• Integration with a complimentary system, such as a customer information system (CIS), geographic information system (GIS), data warehouse, distribution planning system, etc.

Each of these add-ons require programming and technical skillsets that may be scarce and/or fully dedicated to other projects in internal utility IT teams. Your add-on project may go into a queue, or require a new external contractor who must re-learn the existing platform.

On the other hand, SaaS applications are perfect vehicles for this type of phased approach to implementation. In fact, each of the “add-ons” mentioned above are either already running in production or are under development with one or more of our PowerClerk customers. So, rather than starting from scratch with a custom build, our utility customers can test and then turn on existing functionality when they are ready.

Why Reinvent the Wheel?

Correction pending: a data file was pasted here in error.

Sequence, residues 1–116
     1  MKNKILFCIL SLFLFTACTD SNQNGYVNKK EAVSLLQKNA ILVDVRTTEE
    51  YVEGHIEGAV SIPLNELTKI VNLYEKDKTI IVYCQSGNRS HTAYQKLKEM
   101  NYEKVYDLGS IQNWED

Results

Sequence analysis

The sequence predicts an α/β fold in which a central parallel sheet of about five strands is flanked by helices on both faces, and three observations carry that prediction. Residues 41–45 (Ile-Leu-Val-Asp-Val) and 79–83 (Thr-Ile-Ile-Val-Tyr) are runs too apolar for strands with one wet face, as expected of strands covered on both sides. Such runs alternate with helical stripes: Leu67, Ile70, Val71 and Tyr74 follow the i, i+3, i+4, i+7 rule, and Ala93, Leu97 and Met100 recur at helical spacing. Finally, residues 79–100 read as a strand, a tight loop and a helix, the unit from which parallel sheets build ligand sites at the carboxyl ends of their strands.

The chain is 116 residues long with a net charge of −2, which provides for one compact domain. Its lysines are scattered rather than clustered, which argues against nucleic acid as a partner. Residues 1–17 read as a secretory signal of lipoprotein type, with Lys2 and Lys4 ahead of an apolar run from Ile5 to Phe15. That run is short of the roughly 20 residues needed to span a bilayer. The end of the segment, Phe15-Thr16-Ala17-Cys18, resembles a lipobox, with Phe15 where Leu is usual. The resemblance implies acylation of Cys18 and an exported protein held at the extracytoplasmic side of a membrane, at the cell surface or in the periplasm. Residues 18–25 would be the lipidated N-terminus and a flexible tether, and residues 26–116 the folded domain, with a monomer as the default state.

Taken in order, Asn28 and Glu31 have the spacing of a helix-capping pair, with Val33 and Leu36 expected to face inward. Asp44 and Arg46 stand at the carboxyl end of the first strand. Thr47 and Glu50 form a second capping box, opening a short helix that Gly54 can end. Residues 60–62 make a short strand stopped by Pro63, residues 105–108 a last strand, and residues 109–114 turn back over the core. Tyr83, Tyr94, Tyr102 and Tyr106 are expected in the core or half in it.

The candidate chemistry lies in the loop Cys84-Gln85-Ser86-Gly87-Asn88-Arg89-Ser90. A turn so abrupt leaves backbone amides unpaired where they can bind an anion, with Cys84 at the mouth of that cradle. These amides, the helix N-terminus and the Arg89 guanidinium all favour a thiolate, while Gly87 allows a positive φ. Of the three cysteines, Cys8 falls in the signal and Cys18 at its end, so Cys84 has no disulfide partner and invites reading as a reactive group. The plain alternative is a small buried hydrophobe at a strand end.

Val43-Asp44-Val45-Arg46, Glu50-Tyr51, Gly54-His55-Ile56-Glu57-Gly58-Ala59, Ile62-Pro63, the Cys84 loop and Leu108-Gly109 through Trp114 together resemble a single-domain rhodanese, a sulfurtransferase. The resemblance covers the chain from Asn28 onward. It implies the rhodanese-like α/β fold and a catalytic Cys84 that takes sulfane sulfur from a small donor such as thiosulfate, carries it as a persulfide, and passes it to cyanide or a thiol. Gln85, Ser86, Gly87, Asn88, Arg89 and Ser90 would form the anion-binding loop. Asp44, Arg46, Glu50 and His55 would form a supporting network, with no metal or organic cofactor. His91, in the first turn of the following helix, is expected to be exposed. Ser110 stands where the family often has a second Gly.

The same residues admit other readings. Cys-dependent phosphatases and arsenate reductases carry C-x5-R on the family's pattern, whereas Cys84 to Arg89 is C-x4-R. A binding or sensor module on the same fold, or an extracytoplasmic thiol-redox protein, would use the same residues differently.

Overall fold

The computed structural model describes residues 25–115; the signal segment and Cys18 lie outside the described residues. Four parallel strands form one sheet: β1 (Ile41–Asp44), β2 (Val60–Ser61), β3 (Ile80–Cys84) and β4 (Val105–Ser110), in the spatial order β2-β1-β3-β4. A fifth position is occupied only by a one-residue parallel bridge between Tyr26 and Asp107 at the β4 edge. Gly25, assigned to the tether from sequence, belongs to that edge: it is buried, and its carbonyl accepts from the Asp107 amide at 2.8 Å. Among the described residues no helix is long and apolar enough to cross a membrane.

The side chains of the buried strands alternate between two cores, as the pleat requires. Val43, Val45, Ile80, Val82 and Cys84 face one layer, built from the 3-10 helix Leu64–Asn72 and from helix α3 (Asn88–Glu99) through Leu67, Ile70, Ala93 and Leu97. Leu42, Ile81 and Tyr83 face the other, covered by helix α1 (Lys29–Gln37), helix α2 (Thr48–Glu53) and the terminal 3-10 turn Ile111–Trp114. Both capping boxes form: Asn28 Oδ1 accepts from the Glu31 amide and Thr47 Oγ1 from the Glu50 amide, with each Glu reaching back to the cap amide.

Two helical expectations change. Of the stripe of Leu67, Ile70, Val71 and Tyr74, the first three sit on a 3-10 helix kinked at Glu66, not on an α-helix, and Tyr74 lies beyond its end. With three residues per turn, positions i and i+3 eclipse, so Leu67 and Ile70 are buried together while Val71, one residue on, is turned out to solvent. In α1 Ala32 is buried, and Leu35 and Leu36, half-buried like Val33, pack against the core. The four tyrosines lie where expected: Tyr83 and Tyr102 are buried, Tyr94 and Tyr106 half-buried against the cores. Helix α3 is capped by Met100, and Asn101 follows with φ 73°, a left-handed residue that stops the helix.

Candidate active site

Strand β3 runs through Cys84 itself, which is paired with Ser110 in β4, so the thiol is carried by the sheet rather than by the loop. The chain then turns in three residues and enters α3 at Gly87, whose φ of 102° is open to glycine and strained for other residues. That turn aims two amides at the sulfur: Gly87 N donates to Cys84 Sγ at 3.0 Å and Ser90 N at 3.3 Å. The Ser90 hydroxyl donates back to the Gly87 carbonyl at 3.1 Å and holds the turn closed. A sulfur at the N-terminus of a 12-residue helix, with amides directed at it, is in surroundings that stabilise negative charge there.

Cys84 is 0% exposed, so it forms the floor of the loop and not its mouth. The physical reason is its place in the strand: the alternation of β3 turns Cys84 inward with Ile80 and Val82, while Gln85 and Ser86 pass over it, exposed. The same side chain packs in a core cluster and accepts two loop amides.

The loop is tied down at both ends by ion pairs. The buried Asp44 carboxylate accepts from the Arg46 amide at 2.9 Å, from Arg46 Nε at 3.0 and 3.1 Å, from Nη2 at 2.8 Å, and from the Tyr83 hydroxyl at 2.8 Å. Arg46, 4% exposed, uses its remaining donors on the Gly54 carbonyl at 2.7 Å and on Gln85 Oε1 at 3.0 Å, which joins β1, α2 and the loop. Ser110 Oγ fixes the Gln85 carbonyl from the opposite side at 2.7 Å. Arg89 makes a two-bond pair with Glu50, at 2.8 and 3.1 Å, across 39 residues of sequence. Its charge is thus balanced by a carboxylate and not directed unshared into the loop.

Best practices, speed of deployment, and future proofing are three key factors in favor of SaaS solutions for common business processes. In the specific case of DER Interconnection, PowerClerk provides a purpose-built, fully featured SaaS application proven successful at more than 35 leading utilities and agencies. There is no reason to reinvent the wheel. Take advantage of the best practices already built for your peer utilities. Talk with us to get started.

Want to learn more about our customers’ success?

Hear directly from program managers at Southern California Edison and Tucson Electric Power as they describe how they re-engineered their interconnection processes to achieve a range of benefits, from drastic reductions in interconnection processing time, to increased transparency, better inter-department collaboration, simplified reporting and improved customer service.

Southern California Edison Webinar

Tucson Electric Power Webinar